Former Dalton McGuinty chief of staff David Livingston has been sentenced to four months in jail for his role in wiping government computer records related to the controversial cancellation of two gas plants.
"An attempt to tamper with the democratic process demands a strong denunciatory response,” said Justice Timothy Lipson in a downtown Toronto courtroom, adding that Livingston's attempt to interfere with the parliamentary process was the worst part of his offence.
"His conduct was an affront to and an attack upon democratic institutions and values," he added, going on to cite the Michael Sona robocalls case and Dean Del Mastro electoral expense case as precedents to guide sentencing in the case.
"Mr. Livingston will be sentenced to imprisonment for four months," he said after reading his ruling for 48 minutes.
The judge stressed that Livingston's actions were an attempt to undermine the tools used to hold the political process to account. "This offence is very serious because it involves an attempt by the defendant to thwart the core values of accountability and transparency that are essential to the proper functioning of parliamentary democracy."
Livingston was also sentenced to one year of probation and 100 hours of community service.
After the judge read his sentence and court was adjourned, Livingston, who was once the premier's right-hand man, was marched out of the courtroom in handcuffs.
Immediately following the sentencing hearing, Livingston attorney Brian Gover said he would appeal the sentence on behalf of his client and seek bail. Gover added that he didn't anticipate Livingston, who was in a court holding cell at the time, would spend the night in jail.
The lawyer told the media following the sentencing hearing that given Livingston's age – he's 65 – lack of a prior criminal record and testaments to his "exceptional" good character, he considered the sentence "harsh and excessive," adding that there was "no proof of actual harm."
But Lipson considered these arguments in his sentencing, and argued that the harm was undermining trust in democracy, and imprisonment was necessary in part to act as a deterrent for other political actors who might do the same.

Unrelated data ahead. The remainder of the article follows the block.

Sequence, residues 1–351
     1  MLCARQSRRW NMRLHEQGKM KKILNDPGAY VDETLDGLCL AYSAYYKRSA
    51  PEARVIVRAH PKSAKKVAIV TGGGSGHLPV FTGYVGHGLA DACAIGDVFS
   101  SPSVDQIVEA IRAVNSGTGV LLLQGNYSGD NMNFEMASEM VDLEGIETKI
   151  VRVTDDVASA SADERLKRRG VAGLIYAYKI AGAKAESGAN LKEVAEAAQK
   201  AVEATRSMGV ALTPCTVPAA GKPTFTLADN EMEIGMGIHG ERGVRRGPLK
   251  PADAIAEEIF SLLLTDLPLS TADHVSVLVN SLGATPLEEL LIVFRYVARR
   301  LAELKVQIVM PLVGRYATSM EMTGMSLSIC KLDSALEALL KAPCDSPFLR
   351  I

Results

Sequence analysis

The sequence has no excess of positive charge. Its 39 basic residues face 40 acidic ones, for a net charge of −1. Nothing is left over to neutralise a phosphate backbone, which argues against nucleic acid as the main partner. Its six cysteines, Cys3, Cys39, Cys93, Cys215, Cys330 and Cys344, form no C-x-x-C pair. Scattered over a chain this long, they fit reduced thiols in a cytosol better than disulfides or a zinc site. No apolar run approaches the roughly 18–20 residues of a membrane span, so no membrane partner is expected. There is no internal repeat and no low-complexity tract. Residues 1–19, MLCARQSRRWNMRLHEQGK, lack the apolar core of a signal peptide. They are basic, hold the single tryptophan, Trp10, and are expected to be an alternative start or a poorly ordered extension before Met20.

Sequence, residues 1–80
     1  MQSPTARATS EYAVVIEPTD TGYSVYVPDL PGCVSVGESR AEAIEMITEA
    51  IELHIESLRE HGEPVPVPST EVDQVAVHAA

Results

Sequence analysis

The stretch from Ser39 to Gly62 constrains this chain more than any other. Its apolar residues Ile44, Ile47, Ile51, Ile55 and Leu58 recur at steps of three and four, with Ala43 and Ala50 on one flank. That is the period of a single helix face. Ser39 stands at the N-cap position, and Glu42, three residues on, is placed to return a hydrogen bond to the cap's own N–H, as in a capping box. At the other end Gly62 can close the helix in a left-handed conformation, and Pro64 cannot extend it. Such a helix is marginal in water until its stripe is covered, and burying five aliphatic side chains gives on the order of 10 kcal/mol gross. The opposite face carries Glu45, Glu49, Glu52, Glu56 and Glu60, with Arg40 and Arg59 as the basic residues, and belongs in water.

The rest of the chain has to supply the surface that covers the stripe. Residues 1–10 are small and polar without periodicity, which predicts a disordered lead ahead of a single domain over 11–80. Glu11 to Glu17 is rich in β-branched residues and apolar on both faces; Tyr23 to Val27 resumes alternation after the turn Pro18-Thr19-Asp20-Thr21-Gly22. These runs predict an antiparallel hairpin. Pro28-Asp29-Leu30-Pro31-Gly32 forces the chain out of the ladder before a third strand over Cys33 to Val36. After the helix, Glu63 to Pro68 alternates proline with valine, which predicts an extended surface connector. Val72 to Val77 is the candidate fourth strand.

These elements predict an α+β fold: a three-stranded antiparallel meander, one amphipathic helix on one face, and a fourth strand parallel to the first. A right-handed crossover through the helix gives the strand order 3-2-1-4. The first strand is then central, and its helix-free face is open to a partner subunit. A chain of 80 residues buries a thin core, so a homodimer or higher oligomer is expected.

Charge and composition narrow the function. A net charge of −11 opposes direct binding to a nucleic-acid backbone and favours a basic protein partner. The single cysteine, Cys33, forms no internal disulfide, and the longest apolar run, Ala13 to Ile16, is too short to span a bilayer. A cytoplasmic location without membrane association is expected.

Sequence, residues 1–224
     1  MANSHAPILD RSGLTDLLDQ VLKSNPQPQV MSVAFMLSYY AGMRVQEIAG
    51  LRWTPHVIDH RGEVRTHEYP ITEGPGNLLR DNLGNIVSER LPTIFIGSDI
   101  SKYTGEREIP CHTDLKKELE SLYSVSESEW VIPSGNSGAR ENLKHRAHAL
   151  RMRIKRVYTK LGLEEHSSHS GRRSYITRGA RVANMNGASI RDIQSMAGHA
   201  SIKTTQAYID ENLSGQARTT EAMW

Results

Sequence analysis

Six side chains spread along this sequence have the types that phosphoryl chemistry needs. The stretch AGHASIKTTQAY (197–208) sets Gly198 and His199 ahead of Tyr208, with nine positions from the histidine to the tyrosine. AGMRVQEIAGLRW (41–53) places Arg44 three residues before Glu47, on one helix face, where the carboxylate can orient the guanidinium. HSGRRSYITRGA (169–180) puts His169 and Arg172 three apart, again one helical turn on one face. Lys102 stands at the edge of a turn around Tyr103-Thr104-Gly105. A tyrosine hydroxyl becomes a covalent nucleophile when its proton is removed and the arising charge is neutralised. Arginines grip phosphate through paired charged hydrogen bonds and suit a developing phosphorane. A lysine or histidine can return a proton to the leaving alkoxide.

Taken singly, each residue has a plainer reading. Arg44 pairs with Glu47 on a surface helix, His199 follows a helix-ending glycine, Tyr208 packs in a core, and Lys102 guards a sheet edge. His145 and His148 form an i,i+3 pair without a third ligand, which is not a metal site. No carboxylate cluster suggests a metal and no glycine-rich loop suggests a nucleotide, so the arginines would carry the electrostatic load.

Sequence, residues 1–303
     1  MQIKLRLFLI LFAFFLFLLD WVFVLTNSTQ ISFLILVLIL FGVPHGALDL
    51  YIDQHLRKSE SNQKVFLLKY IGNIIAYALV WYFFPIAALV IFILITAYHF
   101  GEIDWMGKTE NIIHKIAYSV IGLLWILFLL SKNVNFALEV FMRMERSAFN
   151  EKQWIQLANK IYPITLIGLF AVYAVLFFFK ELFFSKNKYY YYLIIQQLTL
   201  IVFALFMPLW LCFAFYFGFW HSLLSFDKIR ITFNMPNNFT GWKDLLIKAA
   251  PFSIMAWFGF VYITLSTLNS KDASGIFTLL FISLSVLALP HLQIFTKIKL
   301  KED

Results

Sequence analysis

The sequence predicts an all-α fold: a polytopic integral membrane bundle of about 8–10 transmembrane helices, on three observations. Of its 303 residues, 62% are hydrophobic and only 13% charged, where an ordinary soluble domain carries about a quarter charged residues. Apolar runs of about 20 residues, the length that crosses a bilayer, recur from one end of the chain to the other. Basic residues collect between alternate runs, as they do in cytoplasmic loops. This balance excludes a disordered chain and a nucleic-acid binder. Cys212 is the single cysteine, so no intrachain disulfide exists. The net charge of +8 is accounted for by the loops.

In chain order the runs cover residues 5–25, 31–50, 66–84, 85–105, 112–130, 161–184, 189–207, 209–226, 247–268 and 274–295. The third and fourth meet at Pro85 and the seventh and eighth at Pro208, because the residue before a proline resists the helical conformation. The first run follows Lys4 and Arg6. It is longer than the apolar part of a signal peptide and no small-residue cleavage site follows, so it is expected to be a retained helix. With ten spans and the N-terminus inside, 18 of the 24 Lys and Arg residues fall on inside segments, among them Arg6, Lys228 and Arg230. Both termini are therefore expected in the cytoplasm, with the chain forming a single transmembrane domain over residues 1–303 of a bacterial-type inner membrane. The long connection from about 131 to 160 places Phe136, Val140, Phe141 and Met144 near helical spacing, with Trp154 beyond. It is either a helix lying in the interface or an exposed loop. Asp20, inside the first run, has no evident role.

Lipson also rejected the argument that Livingston, who had been chief of staff for nine months, was a political neophyte who didn't understand the rules and procedures of the government world he found himself in. "The evidence in this trial, particularly the e-mail trail, establishes that Mr. Livingston was a politically sophisticated government actor who committed this offence because of political expediency, rather than fulfilling his responsibility to conduct himself within the law."
Livingston was found guilty in January of one count of unauthorized use of a computer for facilitating the "indiscriminate" wiping of 20 government computers during the transition period between the McGuinty and Kathleen Wynne governments. Former deputy chief of staff Laura Miller, who was tried at the same time, was found not guilty.
The Crown had asked for six to nine months in jail while the defence had requested a conditional discharge.
But Lipson felt that a conditional discharge was disproportionate to the severity of the offence. "A conditional discharge, as proposed by counsel for the defendant, would be entirely disproportionate to the seriousness of Mr. Livingston’s criminal conduct and his high degree of responsibility. Such a sentence would be utterly contrary to the public interest," he said in court. The judge also used his discretion to assess a sentence that a sentence of six to nine months was too much, and gave some weight to the many testimonials to his good character the former investment banker received.
The sentencing occurred less than one month before the writ drops for the June 7 election campaign, but the opposition parties declined to say that it would help them politically. Instead, they focused on what it says about the government.
"No sentence is going to bring back the $1 billion that was wasted on the gas plants scandal, but it is a sad day for Ontario," said PC finance critic Vic Fedeli.
"We sat through years of the gas plant scandal hearings, knowing that we weren't getting the full truth for the people of Ontario. We just knew that there were files missing. And the smugness, and the arrogance of the Liberal operatives who sat in front of us – they knew that they deleted the files," said Fedeli, who called the "known deception" the worst part of the offence.
"They usurped democracy," the PC MPP added.
"I'm not really surprised," said NDP energy critic Peter Tabuns. "This is a government that continues to be arrogant, entitled, and from time to time there are consequences to that."
Attorney General Yasir Naqvi declined to comment on the particulars of the case, as the pending appeal means the matter is still before the courts. "Premier Wynne and the government very strongly believes in transparency and accountability," adding that they have already put into place "strict rules" around document retention in response to the scandal.